Merging claims databases with a tumor registry to evaluate variations in cancer mortality: Results from a pilot study of 698 colorectal cancer patients treated at one hospital in the 1990s

Simon P. Kim, Joseph Feinglass, Charles L. Bennett, Tom Lyons, Cassie Simon, Matthew N. Weinberg, Mark S. Talamonti*

*Corresponding author for this work

Research output: Contribution to journalArticlepeer-review

4 Scopus citations


Background: Prognostic models are essential for evaluating variations in cancer mortality statistics. While cancer stage is the most widely accepted and commonly used predictor of survival for cancer, electronic claims databases contain large amounts of information on cancer patients. Previous studies have used Medicare databases and tumor registry information from the Surveillance Epidemiology and End Results data sets to evaluate variations in outcomes for older cancer patients. We evaluated if similar analytic efforts could be carried out with readily available data sets for colorectal cancer patients of all ages who received care at a single hospital during the 1990s. Methods: Hospital tumor registry and discharge claims data for patients at one mid-western hospital with surgically treated stage I-III colorectal cancer from 1990-1998 were used to model survival. Kaplan-Meier logrank tests and Cox proportional hazards models tested the statistical significance of demographic, operative, and clinicopathological factors as predictors of survival. Survival probabilities also were compared to U.S. population life table data to determine if survival deficits were larger for younger cancer patients. Results: Of the 698 colorectal cancer patients, overall five-year survival probability was 65%, with a median follow-up of 44.7 months. Factors associated with higher relative risks of death included sociodemographic characteristics [female gender (1.5, 95% CI: 1.1-1.9), ages 70-79 years (1.7, 95% CI: 1.2-2.3), and ≥80 years (3.3, 95% CI: 2.4-4.7) as compared to younger patients], clinical characteristics [moderate (1.5, 95% CI: 1.1-2.1) or severe (2.1, 95%: 1.4-3.2) comorbid illness, as compared to mild or no comorbid illnesses and emergency admission (2.1, 95% CI: 1.5-2.9)], pathological characteristics [positive surgical margins (3.5, 95% CI: 2.3-5.3); and higher cancer stage (stage II RR = 1.5, 95% CI = 1.1-2.2; stage III RR = 2.2, 95% CI = 1.5-3.2), as compared to stage I]. A comparison to the age- and gender-matched survival probabilities of the general population demonstrated similar deficits in survival for older patients (≥70 years) and younger patients (<70 years). Conclusions: While cancer stage is a reliable predictor of survival, other sociodemographic and clinical data elements can improve the evaluation of expected survival rates for patients with surgically resectable colorectal cancers. To facilitate comparative interpretations of mortality data, consideration should be given to merging hospital discharge claims data sets with tumor registry information in a manner analogous to that which has been done for older cancer patients who are covered by the Medicare program.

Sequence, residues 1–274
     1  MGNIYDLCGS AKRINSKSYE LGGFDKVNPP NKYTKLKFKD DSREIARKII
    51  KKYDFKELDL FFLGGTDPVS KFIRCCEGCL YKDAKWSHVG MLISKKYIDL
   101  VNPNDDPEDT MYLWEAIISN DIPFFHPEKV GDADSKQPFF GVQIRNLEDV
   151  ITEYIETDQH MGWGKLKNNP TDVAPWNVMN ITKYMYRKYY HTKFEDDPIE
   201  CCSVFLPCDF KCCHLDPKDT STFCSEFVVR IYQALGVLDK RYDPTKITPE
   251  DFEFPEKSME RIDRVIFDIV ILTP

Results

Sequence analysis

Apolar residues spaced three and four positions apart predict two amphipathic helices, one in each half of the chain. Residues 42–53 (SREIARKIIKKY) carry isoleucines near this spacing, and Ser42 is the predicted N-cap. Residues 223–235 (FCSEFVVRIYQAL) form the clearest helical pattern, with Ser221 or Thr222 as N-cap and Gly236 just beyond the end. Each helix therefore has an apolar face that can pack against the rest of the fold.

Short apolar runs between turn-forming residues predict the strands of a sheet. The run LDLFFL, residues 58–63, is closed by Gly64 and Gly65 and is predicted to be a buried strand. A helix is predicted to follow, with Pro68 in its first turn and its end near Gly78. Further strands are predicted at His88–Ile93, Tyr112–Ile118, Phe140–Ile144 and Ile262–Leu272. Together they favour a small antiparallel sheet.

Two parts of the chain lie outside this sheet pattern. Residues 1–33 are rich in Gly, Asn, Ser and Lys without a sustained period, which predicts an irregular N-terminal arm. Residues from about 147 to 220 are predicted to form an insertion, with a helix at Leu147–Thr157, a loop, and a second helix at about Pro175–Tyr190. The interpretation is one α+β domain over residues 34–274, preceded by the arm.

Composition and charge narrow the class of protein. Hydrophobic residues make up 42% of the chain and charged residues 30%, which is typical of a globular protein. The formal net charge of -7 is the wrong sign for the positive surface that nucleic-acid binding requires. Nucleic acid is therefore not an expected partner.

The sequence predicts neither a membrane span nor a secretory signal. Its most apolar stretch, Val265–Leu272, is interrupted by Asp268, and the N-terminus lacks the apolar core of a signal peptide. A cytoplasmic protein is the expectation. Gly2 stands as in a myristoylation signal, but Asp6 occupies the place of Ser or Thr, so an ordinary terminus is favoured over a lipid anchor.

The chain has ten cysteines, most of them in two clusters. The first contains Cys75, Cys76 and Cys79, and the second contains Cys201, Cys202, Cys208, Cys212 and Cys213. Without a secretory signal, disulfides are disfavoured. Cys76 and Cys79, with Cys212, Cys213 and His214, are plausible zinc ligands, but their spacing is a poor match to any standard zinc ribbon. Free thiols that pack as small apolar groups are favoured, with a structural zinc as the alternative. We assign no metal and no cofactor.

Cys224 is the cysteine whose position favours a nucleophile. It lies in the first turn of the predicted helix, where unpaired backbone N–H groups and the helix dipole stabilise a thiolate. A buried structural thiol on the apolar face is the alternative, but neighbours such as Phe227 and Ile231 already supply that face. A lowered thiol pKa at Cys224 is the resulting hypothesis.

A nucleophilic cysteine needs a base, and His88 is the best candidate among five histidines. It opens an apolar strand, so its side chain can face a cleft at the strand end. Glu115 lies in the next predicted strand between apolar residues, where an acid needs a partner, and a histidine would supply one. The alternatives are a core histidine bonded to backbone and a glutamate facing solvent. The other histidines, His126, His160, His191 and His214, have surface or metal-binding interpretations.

Original languageEnglish (US)
Pages (from-to)225-233
Number of pages9
JournalCancer Investigation
Issue number2
StatePublished - 2004


  • Colon cancer
  • Colon cancer outcomes
  • Databases
  • Tumor registry

ASJC Scopus subject areas

  • Oncology
  • Cancer Research


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